BEIJING/HONG KONG, June 28 (Reuters) - At the height of China's cash crunch this month, the banking regulator reiterated orders to financial institutions to report all funds raised for local governments, highlighting Beijing's concern with rapid credit growth in the world's second-biggest economy.
According to a document issued on June 21 and seen by Reuters on Friday, the China Banking Regulatory Commission informed financial institutions they need to report such funds, including cash raised from sales of wealth management products.
The CBRC was not immediately available for comment. It had first issued such a directive in March.
Its reminder came as China's central bank helped engineer a record squeeze in the Chinese money market last week, in what analysts said was an attempt to slow credit expansion and punish banks making risky loans supported by sales of wealth products.
Interbank rates, at which banks lend to one another, shot to as high as 28 percent at the peak of the crunch. They have eased sharply this week, but remain well above their usual levels. .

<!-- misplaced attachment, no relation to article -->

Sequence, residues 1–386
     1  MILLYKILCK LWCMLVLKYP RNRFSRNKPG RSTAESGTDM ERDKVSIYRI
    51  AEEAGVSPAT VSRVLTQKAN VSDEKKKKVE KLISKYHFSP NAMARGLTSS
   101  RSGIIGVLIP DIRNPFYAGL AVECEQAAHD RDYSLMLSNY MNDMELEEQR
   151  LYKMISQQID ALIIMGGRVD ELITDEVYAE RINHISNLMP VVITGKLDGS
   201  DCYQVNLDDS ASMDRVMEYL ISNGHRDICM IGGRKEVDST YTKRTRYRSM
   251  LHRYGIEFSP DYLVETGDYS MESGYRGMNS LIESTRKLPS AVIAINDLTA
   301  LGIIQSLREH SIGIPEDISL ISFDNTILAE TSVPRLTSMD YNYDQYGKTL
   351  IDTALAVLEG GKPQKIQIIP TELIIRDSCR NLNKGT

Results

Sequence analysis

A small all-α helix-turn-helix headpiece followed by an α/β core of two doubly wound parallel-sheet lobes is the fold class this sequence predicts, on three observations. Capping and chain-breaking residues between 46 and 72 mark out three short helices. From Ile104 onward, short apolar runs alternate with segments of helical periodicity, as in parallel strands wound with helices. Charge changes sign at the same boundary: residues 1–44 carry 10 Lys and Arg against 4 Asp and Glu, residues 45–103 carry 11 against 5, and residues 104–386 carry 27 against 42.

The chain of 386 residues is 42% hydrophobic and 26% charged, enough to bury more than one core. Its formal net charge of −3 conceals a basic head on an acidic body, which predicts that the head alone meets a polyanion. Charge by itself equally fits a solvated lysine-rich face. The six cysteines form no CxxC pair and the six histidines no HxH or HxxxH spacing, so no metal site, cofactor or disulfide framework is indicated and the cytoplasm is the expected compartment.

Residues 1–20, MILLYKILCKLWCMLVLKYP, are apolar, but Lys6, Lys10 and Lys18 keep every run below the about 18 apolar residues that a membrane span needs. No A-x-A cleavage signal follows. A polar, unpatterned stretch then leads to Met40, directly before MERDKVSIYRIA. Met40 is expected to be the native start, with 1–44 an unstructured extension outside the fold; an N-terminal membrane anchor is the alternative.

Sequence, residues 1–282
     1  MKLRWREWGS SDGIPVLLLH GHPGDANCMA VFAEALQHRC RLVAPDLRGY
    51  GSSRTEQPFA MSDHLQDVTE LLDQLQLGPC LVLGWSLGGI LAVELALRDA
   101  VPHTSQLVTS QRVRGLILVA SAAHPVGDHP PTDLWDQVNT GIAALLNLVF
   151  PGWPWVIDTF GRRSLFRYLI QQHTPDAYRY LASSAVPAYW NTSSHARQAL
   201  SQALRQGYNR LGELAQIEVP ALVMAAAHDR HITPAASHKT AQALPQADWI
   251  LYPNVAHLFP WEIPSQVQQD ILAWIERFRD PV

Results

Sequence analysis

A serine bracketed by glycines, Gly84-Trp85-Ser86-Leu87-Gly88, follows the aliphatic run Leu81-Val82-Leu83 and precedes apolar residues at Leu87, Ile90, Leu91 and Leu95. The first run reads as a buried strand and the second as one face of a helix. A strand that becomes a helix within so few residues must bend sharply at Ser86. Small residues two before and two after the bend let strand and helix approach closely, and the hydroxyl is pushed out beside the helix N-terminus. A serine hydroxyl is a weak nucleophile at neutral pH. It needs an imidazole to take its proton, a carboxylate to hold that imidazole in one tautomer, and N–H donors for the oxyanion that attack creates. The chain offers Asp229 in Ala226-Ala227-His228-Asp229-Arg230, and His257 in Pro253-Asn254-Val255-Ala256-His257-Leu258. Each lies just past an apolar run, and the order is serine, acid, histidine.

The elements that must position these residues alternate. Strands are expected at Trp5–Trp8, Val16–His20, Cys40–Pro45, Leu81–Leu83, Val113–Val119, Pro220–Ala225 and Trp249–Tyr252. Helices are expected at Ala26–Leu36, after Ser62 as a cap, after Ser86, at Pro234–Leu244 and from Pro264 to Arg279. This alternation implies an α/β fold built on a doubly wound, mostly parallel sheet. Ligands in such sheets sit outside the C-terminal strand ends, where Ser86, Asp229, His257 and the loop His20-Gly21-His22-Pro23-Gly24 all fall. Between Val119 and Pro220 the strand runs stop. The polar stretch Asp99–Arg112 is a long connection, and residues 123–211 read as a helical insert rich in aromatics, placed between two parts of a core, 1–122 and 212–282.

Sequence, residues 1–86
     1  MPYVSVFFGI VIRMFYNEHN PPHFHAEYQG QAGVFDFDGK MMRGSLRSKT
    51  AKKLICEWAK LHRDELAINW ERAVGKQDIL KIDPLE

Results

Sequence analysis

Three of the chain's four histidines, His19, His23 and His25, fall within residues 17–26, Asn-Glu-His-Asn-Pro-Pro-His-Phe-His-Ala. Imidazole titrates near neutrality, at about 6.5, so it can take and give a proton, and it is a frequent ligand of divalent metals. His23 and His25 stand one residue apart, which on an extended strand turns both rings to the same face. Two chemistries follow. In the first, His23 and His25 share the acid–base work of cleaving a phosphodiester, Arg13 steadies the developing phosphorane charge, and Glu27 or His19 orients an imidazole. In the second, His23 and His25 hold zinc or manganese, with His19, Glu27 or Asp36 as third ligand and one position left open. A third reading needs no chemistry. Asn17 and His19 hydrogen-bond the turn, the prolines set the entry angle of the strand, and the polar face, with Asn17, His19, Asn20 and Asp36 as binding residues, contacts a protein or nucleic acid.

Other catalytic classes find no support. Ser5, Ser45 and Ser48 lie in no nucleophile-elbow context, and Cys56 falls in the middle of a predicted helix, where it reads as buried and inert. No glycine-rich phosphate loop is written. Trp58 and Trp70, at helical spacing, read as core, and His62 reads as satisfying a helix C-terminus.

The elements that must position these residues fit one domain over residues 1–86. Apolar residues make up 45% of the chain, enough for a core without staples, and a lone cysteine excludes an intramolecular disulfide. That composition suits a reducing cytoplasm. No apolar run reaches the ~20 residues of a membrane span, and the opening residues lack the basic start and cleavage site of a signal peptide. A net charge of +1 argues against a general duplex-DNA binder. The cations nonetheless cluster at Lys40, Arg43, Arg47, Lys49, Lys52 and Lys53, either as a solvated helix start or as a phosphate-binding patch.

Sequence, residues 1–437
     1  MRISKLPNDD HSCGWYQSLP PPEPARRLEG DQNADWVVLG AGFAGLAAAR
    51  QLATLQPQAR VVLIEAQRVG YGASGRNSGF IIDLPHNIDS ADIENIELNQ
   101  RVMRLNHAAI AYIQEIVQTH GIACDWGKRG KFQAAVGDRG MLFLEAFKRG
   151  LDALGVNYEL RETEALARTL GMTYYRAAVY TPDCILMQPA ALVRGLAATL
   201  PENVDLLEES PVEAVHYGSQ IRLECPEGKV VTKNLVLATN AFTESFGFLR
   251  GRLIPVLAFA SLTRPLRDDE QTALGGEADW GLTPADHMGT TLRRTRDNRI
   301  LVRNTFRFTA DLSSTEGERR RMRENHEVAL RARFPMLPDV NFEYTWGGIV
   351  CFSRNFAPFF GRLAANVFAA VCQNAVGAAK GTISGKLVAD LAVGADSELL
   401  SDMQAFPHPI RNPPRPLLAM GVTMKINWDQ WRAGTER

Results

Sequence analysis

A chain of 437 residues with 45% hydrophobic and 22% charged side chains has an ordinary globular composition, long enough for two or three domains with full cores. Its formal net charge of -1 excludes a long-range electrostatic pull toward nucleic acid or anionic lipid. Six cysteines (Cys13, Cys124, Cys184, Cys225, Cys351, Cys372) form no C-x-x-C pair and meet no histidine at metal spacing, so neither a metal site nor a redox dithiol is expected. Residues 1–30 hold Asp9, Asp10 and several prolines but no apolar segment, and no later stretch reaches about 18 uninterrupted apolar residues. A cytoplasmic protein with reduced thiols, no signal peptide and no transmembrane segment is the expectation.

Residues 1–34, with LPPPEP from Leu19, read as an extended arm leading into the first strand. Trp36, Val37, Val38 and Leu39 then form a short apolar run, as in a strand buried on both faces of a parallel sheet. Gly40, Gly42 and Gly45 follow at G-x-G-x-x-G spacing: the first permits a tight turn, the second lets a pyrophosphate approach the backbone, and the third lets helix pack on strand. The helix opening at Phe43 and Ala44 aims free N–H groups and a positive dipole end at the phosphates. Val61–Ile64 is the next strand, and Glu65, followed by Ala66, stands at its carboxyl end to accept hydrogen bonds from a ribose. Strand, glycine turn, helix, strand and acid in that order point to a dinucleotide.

Debt is shaping up to be one of China's most pressing financial problems. Many local governments embarked on spending sprees on big infrastructure projects after the state handed out cash in the wake of the 2008/09 financial crisis to pump up the economy.
A report from China's National Audit office earlier this month showed the total debt at 36 local governments audited had risen 13 percent to stand at 3.85 trillion yuan ($626.12 billion) at the end of 2012 from two years before.
Underscoring Beijing's worries about the potential risks from a surge in sales of wealth management products, the June 21 notice showed the regulator added a new requirement for banks to report cash raised from such sales.
Fitch Ratings last week estimated that more than 1.5 trillion yuan ($244 billion) in wealth management products will mature in the last 10 days of June.
Financial institutions are also required to report money raised for local governments through bank loans, corporate bonds, medium-and short-term notes and trust loans. ($1 = 6.1490 Chinese yuan)
(Reporting by Weihao Cao, Zhao Hongmei, Zhang Shengnan and Koh Gui Qing; Editing by Jonathan Standing & Kim Coghill)
Keywords: CHINA ECONOMY/BANKS RULES
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